Taking out a grievance procedure is a very brave thing to do and as others have said probably won't get you the result you want. Even if you 'win' you may find staying at the school is untenable and it may not be easy to get another job. Heads do talk to each other and are often aware of what is going on in other schools. Sometimes they are shocked by what they hear and as I found out, can be very supportive. You must have union support - I don't think you could do it on your own. Please don't underestimate the amount of stress it may cause you. BUT if it is the right thing for you to do and you have enough support then good luck.
  8. Curae

    Curae Star commenter

    You are very brave and I wish you well.
    Most on here will advise against it and from what I have read from others on here and heard from others they have not been successful. Do look carefully about how you can change your life. Will this grievance really have a positive effect on your life.

    Good luck you have nothing to fear but be happy.
  9. Bedlam3

    Bedlam3 Star commenter

    I did this last year and, along with absence for work related stress, it resulted in me being dismissed. Know that when you press that button to submit it that dismissal, or other means of being managed out, could be a likely outcome. Be prepared for this. If you are in a position where losing your career is not an issue then go ahead, it is empowering and helps to prevent things happening to others but if you need your job then think carefully. It's a long and arduous process. You will need evidence to back up your complaint and you need to be prepared to go to an investigative meeting, an outcome meeting and then a possible appeal meeting. It's a lot to manage. But, that said, I am pleased that I stood up for myself and I would do it again but only if I was in the position where losing my job and career didn't matter and that can only really be if you are nearing retirement or have won the lottery in which case you'd be too busy enjoying life to care!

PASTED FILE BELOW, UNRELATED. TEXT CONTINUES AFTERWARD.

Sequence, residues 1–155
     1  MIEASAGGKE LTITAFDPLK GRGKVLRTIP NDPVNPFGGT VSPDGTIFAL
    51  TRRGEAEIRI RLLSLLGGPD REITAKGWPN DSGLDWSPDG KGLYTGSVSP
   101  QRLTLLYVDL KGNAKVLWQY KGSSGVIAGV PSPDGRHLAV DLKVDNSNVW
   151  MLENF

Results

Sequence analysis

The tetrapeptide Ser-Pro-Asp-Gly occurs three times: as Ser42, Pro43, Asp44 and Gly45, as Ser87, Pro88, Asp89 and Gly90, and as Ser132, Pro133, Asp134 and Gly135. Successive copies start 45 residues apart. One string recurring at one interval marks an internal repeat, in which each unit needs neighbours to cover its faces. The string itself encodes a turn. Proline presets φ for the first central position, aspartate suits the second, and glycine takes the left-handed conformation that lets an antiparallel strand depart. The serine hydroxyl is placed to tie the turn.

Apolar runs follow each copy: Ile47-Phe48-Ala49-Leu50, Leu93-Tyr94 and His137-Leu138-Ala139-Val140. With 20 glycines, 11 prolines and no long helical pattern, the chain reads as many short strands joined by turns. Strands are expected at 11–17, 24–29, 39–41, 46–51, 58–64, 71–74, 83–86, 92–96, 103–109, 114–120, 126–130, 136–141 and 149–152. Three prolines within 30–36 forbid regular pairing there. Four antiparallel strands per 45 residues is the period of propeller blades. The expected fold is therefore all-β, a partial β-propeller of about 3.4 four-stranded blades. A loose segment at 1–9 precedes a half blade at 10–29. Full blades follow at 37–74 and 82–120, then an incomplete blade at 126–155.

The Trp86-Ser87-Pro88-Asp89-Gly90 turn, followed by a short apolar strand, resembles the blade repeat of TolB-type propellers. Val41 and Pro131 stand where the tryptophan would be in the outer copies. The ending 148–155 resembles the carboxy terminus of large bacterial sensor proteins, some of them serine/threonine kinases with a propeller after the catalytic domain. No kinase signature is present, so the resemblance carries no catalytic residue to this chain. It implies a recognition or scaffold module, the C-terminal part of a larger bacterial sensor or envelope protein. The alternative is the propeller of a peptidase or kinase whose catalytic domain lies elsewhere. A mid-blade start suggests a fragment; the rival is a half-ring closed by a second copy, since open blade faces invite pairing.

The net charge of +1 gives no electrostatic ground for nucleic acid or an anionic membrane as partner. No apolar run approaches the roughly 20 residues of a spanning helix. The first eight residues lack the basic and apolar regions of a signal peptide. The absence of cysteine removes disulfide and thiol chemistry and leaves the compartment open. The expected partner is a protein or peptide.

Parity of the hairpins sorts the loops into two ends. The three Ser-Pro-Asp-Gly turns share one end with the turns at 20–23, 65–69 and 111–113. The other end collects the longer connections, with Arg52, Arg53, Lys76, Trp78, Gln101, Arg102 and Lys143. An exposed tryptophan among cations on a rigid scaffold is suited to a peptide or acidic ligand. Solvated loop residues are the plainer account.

Good luck. Give it very careful thought. Can you afford to lose your career? I think the answer to that question determines whether you should do it or not.
  10. meggyd

    meggyd Lead commenter